Reform is sweeping the small ‘d’ democratic institutions of Forest Hills — its new democratic club is the latest wave of the movement.
Last week a slate of six new officer positions who want renewed community involvement were elected to Community Board 6. In July, the Queens County Committee for All (QCC4All) — a group containing a sizable contingent of Forest Hills county committee members — pushed Congressman Greg Meeks to reform their role in the county party.
Now, Assemblyman Andrew Hevesi, sensing the winds of change blowing through his district, has spearheaded the Queens Central Democratic Club (QCDC), a new organization that will ditch the established top-down structure of most the borough’s democratic clubs.
The new club held its first public meeting on Monday, Sept. 23, over pizza and drinks at the posh West Side Tennis Club, where Hevesi spoke to about 50 interested constituents about his ambition to create a club where he’s not in charge.
“I don’t like the political operation with the elected officials who’s doing what I’m doing now and standing up here and talking at you. That’s not what I want to create. As a matter of fact, what I’m trying to do is create a structure where I am out of the way,” Hevesi said.
The norm in Queens’ political clubs is to build a structure revolving around Assembly District Leaders, a role often taken on by elected officials who have the power within the County Party to vote for judicial nominations and elect the county leader.
Hevesi, who currently serves as District Leader for the 28th Assembly District, explained that he plans not to run in 2020, leaving the position open to someone else.
For the QCDC, he intends to set up a board structure of seven members, including positions of the president, vice president and the political director, that are elected by the club. It will be open registered Democrats from anywhere in the city. Though Hevesi pledged not to run as a board member, he said he would retain control over selecting two of the board positions: the treasurer and head of social media.
Hevesi picked these two roles intentionally. After having lived through the ethics scandals that his father Alan Hevesi ran into as former City Comptroller, Hevesi said that he doesn’t play around with financial ethics issues. Nor does he want the club to have a wild card social media mouthpiece. Treasurer will be taken by Kevin Wisniewski and head of social media by Alexa Arecchi, both Hevesi staffers.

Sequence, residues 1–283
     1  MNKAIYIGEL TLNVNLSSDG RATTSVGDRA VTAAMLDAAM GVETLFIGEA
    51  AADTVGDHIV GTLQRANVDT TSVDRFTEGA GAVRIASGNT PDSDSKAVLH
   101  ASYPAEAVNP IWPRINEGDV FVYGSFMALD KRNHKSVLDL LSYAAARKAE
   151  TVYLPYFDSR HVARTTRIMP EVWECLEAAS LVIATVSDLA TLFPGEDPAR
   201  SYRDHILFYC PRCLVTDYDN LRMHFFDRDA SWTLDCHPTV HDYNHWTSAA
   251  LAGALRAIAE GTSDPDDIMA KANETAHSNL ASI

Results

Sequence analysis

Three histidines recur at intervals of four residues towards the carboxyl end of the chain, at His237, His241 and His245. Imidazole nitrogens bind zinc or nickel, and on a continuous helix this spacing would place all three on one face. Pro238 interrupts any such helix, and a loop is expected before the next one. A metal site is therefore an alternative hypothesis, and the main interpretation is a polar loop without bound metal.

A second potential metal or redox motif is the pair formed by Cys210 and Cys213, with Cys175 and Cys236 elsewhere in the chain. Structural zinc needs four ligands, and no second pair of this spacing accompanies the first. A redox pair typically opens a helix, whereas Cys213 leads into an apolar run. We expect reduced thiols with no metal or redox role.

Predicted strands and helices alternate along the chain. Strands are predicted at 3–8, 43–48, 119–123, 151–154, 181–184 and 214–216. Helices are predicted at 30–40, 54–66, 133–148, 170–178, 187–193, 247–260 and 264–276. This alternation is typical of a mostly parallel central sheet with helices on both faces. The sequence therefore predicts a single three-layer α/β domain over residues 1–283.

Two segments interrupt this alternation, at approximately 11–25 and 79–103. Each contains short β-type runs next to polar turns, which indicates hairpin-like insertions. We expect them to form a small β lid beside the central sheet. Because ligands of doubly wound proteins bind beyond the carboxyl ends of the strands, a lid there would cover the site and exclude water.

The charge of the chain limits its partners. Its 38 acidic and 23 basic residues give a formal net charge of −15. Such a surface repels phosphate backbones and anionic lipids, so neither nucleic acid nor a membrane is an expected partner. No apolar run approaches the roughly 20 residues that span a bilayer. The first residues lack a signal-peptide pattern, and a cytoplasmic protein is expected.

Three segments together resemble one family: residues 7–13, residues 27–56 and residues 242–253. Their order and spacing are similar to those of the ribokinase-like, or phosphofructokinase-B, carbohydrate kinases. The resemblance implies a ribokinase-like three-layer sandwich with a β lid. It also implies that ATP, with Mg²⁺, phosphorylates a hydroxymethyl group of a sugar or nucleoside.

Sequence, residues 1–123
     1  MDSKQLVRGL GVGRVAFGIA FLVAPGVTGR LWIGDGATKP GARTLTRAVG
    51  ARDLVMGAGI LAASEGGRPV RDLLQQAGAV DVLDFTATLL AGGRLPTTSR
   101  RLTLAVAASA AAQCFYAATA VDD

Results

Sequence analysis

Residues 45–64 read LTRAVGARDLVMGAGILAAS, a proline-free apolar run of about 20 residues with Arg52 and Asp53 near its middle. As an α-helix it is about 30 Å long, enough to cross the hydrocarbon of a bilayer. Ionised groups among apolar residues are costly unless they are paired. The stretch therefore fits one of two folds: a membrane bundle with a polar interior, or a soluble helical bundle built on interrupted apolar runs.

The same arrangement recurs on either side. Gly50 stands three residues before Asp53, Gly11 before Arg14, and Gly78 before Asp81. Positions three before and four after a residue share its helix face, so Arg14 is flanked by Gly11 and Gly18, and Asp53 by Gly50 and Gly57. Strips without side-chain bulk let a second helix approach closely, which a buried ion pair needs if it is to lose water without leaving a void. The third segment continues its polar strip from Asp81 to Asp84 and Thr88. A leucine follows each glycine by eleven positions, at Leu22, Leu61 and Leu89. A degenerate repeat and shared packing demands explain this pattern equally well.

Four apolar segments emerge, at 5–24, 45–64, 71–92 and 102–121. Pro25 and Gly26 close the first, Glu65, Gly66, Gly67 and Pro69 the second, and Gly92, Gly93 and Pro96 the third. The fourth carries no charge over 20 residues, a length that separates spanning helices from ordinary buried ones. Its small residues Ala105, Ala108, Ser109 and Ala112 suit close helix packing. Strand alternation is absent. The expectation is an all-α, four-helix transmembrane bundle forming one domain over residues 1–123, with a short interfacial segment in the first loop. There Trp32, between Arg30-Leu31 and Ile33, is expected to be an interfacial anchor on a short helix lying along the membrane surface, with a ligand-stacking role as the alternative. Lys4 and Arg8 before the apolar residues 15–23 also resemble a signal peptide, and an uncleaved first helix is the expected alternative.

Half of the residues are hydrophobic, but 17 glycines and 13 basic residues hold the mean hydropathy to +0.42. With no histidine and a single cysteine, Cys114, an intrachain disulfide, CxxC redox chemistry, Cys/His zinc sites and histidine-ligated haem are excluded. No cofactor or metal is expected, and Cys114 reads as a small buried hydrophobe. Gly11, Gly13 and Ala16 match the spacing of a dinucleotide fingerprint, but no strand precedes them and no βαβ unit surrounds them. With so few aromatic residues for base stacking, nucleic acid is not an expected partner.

“After Trump got elected a lot of people in the neighborhood who were not politically yet became politically active, but we need to capture that into a forum that let’s their voices resonate and really lets them design how this club operates,” Hevesi said, describing the guiding force behind this structure.
Another goal will be to give more weight to County Committee members, the often overlooked body whose members number more than 2,000 and represent a geographical area of only a few blocks each. The QCDC will provide a forum for any of these representatives present to address the club for three minutes each at every meeting.
This suggestion is a direct response to a suggested Congressman and Chairman of the Queens Democratic Party Greg Meeks. Meeks said that he sees Democratic club participation as the principal way to gaining influence in the county party when he was confronted by a group of QCC4All members who felt that they had been ignored in July.
Hevesi added that although the QCDC represents a split from Forrest Hills current dominant Democratic organization, the Geraldine Ferraro club, the separation signals no bad blood between him and that club’s leader Councilwoman Karen Koslowitz. Meeks also has sanctioned the new club.
Though he has the blessing of the County Party establishment, Hevesi also emphasized the risks he was taking by creating a grassroots political group.
“I’m also creating a structure that hypothetically could be used to run somebody against me. If this club endorses somebody else, OK. That’s the process,” he said.
Mingling with other members after the meeting ended, Forest Hills resident Matt Mandell said he fits the type of a progressive activated by Trump’s election. Mandell, who also has started working with the left-wingers in One Queens Indivisible, was encouraged by the meeting. He said that in-person gatherings remain a vital form of organizing, especially in the era of internet activism.
“I think if you have a group of this many people in a room talking to an elected official that is more powerful than anything you can post on social media,” he said.